By Lynne Gray, PhD
Note: The streaming will be available for 23 hours at www.metopera.org
Monday, May 4
Mozart’s Le Nozze di Figaro
Starring Renée Fleming, Cecilia Bartoli, Susanne Mentzer, Dwayne Croft, and Sir Bryn Terfel, conducted by James Levine. From November 11, 1998.
This is one of my very favorite operas and certainly one of the best casts ever on the Met’s stage. Mozart’s opera buffa (comic opera) in four acts was composed in 1786, to an Italian libretto written by the inimitable, Lorenzo Da Ponte. It was based on a trio of stage comedies by Pierre Beaumarchais. This one – “La folle journée, ou le Mariage de Figaro” (“The Mad Day, or The Marriage of Figaro”), was first performed in 1784 after long battles with the censors of the time (plays that suggested servants could outwit – not to mention get the best of nobles were heavily frowned upon!). Figaro is the second story of the series – as we found out last month when we considered The Barber of Seville – the first of the stories about Figaro. Rossini’s opera based on the first story was written after Mozart’s based on the second! This also was the first of Mozart and DaPonte’s three great opera collaborations (Don Giovanni and Così fan tutte are the others) during the last five years of Mozart’s tragically short life.
British director Jonathan Miller focused this 1998 production on the decaying aristocratic world of the Almavivas. The cast includes Renée Fleming, now the Countess Almaviva (alias Rosina), Dwayne Croft as the Count, Sir Bryn Terfel as Figaro, Cecilia Bartoli as his intended bride, Susanna, and Susanne Mentzer as the libidinous young Cherubino.
The (somewhat less dashing than he was in his younger days) Count Almaviva has become a lecher of the first order since his successful wooing of the lovely Rosina several years earlier (in The Barber of Seville). As this opera opens, we are soon given to suspect that the Count now lusts after Susanna, maid to the Countess and betrothed of Figaro, alias “the barber of Seville” – who is now the Count’s valet.
Almaviva desires to take advantage of a medieval law giving nobles the first right of entry into the marriage bed whenever one of their servants weds – the groom being summarily displaced on his wedding night. Barbaric, well yes, but rank had its privileges in those days, at least until this crazy plot took over. Many further complications are caused by characters we first met in Barber and include Dr. Bartolo now seeking revenge against Figaro for thwarting his original plans to marry Rosina himself; Bartolo’s housekeeper, Marcellina trying to collect on a debt Figaro owes her; Figaro, Susanna, and the Countess conspiring to embarrass the Count and expose his skirt chasing; the Count’s effort to retaliate by trying to compel Figaro to marry a woman old enough to be his mother – and then having it turn out at the last minute that she really is his mother; and, of course, the ever popular female in a trouser role (playing a man), playing a female in disguise.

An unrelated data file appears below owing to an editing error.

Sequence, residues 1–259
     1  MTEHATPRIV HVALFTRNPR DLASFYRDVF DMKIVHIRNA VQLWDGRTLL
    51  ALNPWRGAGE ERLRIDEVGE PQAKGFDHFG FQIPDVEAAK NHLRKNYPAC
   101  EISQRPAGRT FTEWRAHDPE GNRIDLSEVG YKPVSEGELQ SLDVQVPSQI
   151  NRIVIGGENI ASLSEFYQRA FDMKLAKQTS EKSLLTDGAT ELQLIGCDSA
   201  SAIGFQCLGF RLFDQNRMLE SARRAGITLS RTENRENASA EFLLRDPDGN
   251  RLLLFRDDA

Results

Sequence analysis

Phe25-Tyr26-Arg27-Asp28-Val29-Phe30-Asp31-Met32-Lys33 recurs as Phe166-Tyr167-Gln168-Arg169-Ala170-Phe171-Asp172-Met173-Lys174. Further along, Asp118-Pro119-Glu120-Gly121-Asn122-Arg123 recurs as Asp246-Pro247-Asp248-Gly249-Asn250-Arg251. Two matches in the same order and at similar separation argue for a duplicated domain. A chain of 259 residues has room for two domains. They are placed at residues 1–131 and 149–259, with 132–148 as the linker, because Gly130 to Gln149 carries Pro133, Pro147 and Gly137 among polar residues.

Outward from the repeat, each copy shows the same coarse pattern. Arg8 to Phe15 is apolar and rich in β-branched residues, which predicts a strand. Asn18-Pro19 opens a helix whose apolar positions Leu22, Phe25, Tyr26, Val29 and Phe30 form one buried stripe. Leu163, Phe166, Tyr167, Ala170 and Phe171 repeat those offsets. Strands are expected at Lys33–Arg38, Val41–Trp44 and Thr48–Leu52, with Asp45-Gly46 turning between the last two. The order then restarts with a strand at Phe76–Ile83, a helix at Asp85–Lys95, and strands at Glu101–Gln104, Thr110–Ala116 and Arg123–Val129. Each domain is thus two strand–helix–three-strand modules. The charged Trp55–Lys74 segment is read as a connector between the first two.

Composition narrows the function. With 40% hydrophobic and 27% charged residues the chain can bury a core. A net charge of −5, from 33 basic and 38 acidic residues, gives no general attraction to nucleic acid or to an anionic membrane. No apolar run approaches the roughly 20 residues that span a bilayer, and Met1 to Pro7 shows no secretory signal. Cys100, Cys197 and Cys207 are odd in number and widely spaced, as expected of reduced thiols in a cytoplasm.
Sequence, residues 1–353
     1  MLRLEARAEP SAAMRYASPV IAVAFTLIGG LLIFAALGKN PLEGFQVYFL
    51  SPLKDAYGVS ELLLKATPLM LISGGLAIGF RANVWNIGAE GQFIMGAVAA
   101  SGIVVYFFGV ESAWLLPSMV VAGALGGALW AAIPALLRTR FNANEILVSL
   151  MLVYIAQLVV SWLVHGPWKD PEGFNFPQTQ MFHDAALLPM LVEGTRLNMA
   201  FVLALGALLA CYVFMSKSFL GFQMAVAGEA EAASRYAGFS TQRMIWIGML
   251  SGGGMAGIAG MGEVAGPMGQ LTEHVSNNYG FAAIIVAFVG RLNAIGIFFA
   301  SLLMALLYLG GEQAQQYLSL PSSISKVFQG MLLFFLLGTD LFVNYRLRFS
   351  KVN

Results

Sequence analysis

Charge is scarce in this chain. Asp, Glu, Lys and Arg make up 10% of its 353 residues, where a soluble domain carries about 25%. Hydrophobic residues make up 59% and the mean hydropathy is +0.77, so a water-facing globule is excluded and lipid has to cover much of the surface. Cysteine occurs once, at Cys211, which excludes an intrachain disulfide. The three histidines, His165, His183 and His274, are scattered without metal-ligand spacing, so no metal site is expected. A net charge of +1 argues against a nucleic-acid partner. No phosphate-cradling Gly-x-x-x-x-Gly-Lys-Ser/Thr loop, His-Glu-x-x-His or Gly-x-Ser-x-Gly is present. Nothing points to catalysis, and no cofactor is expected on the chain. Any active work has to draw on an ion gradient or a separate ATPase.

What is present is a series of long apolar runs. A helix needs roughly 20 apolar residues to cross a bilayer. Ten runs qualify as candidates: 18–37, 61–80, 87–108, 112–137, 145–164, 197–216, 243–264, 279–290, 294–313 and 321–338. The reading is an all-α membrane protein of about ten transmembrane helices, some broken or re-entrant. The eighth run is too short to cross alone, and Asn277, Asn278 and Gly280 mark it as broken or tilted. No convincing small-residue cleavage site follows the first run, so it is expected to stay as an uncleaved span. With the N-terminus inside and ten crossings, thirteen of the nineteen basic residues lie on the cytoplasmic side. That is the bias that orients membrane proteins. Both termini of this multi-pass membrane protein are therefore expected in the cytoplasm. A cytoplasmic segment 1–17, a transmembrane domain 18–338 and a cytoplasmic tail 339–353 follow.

There is simply no way to do justice in words to the twists and turns of this wonderful farce and the “Mad Day” it takes us through – although there are also many touchingly beautiful moments to savor along the way. Mistaken identities, gender bending disguises, deceptions, double crosses, blunders, and mishaps and mayhem all find varying degrees of success – and all come to a happy, if confusing, conclusion for four – presumably content – couples in the end. Musical highlights to watch for:
* Figaro’s budding understanding that the Count is scheming to use his droit du seigneur (right of the master) leads to his cavatina: “Se vuol ballare signor contino” – “If you want to dance, sir count” (I’ll call the steps);
* Young Cherubino’s lament concerning his uncontainable romantic desires for every woman he sees, including the Countess and (more his own age) the gardener’s daughter Barbarina “Non so piu cosa son, cosa facia;”
* Figaro’s “Non piu andrai” “No longer will you be the amorous butterfly” sung to Cherubino after the Count once again catches him in a compromising position and banishes him to the army.
* The Countess’s touching lament “Porgi, amor, qualche ristoro” “Where has love gone”
* Susanna’s “Venite, inginocchiatevi” as she attempts to dress Cherubino as a girl and he keeps trying to get to the Countess’s bed.
* The Countess’s “Dove sono i bei momenti” as she again laments the loss of the good times of sweetness and pleasure she once had with the Count.
* Cherubino’s “Voi, che sapete” plea to the Countess and Susanna, who know about love, to help him understand it.
* Susanna’s and the Countess’s beautiful duet “Sull’aria… che soave zeffiretto” “On a breeze… with a gentle little Zephyr” as they write and then send the note they hope will trick the Count.
* The Count’s “Hai gia vinta la causa” – as he is initially thinking he’s won Susanna but beginning to realize that he is probably falling into a trap and vowing to take great pleasure in his coming vengeance on Figaro.
* And finally – each of the main characters’ arias in the last act – as everything is resolved – wonderful Mozart at his finest.
1. Renée Fleming as the Countess, Cecilia Bartoli as Susanna and Sir Bryn Terfel as Figaro in Mozart’s “Marriage of Figaro” at the Met. Credit… Beth Bergman / Met Opera.
2. Cecilia Bartoli as Susanna and Sir Bryn Terfel as Figaro in Mozart’s “Marriage of Figaro” at the Met. Credit… Beth Bergman / Met Opera.
3. Renée Fleming as the Countess in Mozart’s “Marriage of Figaro” at the Met. Credit… Beth Bergman / Met Opera.
4. Renée Fleming as the Countess, Cecilia Bartoli as Susanna, Sir Bryn Terfel as Figaro, and Dwayne Croft as the Count in Mozart’s “Marriage of Figaro” at the Met. Credit… Beth Bergman / Met Opera.